The other answer says that history might have gone differently and might then have produced different instincts and moral intuitions. But since there can only be one objective morality, the moral intuitions that emerged in this history we actually happened to have cannot be a good path to discovering what this objective morality is. This answer makes some sense but, to reach your conclusion, you need to overcome two further hurdles. First, why cannot the morality that best accords with our moral intuitions be objectively right for our world even while another morality would have been objectively right if a very different history had shaped our moral intuitions differently? Second, are moral intuitions really the only basis on which an objective account of morality can possibly be established?

A lot of people think we shouldn't conduct stem cell research or cloning based

A lot of people think we shouldn't conduct stem cell research or cloning based on the idea that man shouldn't 'play god.' My response; why not? Now, I'm an atheist, but even if we were to assume the bible were literal truth, why should we not try to emulate god if he is so perfect and wondrous? Is there any logic behind the playing god argument? What logic *can* be attributed to religion, at any rate...

I think you are right to discern that the "playing God" objection to stem cell research/cloning is not what it seems to be. Those who offer this objection seem quite comfortable with the idea of "playing God" in well proven medical interventions e.g. appendectomy for appendicitis, C-section for obstructed labor, chemotherapy for leukemia. Of course there are some people (Christian Scientists, for example) who forgo most medical care on religious grounds. But the vast majority of those who worry about "playing God" with stem cell research/cloning are happy consumers of the best that health care has to offer. The question is, why don't they extend that happy consumer attitude to stem cell research/cloning? I am not sure of the answer to this, but I think it may have to do with the uncertainty that currently exists around these new technologies (will they work? will they produce monsters of some kind?). So it may be a risk aversive attitude of the kind "leave it to God, we don't know enough to intervene in this area." It expresses caution about experimenting with human beings, and modesty about our technological abilities, which is appropriate (if not taken too far).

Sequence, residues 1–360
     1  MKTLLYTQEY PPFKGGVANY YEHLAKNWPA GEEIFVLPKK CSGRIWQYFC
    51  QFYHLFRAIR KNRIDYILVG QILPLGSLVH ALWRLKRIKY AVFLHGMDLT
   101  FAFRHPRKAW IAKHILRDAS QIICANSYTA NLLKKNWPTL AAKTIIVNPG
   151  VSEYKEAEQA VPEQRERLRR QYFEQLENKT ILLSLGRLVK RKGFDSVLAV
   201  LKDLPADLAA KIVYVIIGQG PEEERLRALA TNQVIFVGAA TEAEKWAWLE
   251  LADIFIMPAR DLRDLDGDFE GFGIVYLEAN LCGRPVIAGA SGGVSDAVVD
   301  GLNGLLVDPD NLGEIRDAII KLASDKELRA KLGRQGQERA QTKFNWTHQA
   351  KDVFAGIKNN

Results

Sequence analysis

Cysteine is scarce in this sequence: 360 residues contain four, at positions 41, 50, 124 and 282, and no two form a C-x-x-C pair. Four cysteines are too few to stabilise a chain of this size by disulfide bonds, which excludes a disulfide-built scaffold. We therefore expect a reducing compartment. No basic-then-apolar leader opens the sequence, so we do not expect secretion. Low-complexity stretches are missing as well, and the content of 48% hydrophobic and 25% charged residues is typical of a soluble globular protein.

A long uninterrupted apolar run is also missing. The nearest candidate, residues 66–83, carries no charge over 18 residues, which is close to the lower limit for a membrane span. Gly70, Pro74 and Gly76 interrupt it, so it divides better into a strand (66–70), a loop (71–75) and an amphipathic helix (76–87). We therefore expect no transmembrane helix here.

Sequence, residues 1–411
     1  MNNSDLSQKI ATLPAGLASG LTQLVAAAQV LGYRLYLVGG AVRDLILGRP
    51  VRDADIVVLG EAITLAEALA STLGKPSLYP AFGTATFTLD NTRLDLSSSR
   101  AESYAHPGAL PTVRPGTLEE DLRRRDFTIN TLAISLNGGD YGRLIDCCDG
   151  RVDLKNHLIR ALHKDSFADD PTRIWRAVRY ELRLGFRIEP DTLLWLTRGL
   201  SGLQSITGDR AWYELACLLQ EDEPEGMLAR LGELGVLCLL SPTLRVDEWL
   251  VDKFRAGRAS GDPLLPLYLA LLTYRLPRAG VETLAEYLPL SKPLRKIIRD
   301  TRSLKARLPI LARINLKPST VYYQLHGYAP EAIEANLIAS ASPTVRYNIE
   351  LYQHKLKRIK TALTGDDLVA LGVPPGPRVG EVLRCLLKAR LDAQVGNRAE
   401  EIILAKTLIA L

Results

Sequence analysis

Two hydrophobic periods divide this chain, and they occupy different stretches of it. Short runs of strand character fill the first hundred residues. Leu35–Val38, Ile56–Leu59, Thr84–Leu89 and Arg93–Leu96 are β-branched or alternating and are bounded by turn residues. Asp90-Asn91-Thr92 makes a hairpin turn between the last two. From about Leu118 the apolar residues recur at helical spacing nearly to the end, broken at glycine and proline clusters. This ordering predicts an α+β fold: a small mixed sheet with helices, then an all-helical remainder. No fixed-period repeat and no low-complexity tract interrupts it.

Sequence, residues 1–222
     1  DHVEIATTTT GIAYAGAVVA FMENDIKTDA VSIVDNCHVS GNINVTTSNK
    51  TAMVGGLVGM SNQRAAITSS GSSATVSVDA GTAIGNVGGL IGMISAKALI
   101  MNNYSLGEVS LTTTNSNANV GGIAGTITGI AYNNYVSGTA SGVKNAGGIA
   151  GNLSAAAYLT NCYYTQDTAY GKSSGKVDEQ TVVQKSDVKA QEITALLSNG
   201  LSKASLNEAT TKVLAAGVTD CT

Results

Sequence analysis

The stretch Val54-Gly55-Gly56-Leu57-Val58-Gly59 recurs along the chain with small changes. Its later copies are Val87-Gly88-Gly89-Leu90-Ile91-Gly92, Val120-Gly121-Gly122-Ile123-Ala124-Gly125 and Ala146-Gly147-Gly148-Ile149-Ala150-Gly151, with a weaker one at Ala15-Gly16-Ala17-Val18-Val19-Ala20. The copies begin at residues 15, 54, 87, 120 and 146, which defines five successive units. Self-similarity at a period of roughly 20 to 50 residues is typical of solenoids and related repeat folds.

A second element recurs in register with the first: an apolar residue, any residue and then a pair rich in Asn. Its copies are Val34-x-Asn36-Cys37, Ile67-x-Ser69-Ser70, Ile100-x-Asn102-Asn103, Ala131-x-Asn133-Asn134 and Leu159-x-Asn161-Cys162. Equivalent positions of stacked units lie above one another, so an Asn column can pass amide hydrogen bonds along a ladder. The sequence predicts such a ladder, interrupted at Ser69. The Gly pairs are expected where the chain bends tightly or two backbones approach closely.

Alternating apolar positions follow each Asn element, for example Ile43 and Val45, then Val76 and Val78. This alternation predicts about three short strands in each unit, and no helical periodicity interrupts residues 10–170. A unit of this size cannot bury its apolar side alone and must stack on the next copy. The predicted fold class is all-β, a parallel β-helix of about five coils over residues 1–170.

Of course for every person who says that we shouldn't "play God" there is usually another person who says "God helps those who help themselves." Religious language can be used on both sides of this debate.